Heb. 7:14 For it is evident that our Lord sprang out of Juda; of which tribe Moses spake nothing concerning priesthood.
The writer now continues to make application to Jesus, “our Lord,” as the man appointed to serve in the reinstated order of Melchisedec as declared in chapter 5.
Heb. 5:5-6 So also Christ glorified not himself to be made an high priest; but he that said unto him, Thou art my Son, to day have I begotten thee. As he saith also in another place, Thou art a priest for ever after the order of Melchisedec.
It was well known that Jesus was a descendant of the tribe of Judah, not Levi. No one from the tribe of Judah had served in the priesthood in Israel. Moses never gave any instruction that allowed someone from Judah to serve as a priest.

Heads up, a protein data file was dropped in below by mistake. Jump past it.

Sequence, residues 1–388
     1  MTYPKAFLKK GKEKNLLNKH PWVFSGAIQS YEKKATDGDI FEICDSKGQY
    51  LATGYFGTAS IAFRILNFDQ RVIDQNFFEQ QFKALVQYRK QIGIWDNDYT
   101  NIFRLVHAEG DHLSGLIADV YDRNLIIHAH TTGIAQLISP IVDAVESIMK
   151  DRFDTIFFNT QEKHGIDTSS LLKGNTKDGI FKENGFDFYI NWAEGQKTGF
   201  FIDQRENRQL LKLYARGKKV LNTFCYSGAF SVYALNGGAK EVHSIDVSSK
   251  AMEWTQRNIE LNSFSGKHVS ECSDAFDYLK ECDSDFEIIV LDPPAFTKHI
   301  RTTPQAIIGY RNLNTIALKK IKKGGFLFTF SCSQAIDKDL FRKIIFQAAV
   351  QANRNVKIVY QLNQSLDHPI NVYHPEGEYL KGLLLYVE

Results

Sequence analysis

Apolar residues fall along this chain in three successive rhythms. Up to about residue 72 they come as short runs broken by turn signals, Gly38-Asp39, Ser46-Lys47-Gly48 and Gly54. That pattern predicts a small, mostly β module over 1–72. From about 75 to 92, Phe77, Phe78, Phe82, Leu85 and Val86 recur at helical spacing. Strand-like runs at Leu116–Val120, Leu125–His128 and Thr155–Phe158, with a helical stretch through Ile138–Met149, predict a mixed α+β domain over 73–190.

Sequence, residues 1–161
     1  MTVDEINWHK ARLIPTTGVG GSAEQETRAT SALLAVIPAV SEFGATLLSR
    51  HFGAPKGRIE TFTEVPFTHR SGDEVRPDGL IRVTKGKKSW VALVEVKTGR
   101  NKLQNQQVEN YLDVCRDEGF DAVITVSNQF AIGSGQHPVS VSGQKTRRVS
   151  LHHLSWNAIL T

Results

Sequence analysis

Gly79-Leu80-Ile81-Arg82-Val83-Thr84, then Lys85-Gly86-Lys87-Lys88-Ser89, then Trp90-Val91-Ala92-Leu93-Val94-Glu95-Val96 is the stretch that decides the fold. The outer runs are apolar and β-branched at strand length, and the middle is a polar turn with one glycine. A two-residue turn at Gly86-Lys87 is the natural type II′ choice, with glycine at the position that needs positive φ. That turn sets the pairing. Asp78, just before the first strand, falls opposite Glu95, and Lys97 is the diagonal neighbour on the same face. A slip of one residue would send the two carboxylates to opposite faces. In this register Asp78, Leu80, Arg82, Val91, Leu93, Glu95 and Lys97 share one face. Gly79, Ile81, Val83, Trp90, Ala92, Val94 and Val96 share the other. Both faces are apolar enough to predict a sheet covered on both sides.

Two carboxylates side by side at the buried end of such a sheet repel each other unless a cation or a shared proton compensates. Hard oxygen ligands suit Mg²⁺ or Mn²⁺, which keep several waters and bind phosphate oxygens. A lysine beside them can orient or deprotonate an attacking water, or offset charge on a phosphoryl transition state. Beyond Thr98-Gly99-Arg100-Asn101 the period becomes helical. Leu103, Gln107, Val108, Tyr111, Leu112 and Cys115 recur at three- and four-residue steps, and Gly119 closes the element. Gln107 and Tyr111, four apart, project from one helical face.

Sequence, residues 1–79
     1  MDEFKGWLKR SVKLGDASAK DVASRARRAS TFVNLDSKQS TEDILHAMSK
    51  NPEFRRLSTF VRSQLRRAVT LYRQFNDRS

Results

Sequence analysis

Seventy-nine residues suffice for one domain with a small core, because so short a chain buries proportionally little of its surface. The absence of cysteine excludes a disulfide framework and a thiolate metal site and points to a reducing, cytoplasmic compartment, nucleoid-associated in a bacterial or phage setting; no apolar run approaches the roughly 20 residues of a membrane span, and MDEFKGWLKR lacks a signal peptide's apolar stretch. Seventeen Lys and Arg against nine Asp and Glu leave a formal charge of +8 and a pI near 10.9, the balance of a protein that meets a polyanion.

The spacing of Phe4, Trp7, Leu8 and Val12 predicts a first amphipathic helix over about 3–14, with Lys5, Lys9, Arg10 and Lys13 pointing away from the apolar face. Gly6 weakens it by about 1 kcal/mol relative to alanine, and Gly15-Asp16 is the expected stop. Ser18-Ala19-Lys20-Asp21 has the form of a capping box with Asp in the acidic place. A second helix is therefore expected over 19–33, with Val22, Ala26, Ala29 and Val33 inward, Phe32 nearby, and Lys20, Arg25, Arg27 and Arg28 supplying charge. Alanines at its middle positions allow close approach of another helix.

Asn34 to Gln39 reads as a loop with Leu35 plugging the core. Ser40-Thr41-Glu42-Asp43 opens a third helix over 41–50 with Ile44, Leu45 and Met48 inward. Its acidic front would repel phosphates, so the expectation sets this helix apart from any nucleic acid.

Heb. 7:15 And it is yet far more evident: for that after the similitude of Melchisedec there ariseth another priest,
Heb. 7:16 Who is made, not after the law of a carnal commandment, but after the power of an endless life.
Heb. 7:17 For he testifieth, Thou art a priest for ever after the order of Melchisedec.
I think the wording of the NLT is easier to understand.
The change in God’s law is even more evident from the fact that a different priest, who is like Melchizedek, has now come. He became a priest, not by meeting the old requirement of belonging to the tribe of Levi, but by the power of a life that cannot be destroyed. And the psalmist pointed this out when he said of Christ, “You are a priest forever in the line of Melchizedek.”
The writer is careful to emphasize that it is through the power of resurrection to eternal life that is the significant qualifying factor that positions Jesus to serve as a priest in the order of Melchisedec.
Heb. 7:18 For there is verily a disannulling of the commandment going before for the weakness and unprofitableness thereof.
Heb. 7:19 For the law made nothing perfect, but the bringing in of a better hope did; by the which we draw nigh unto God.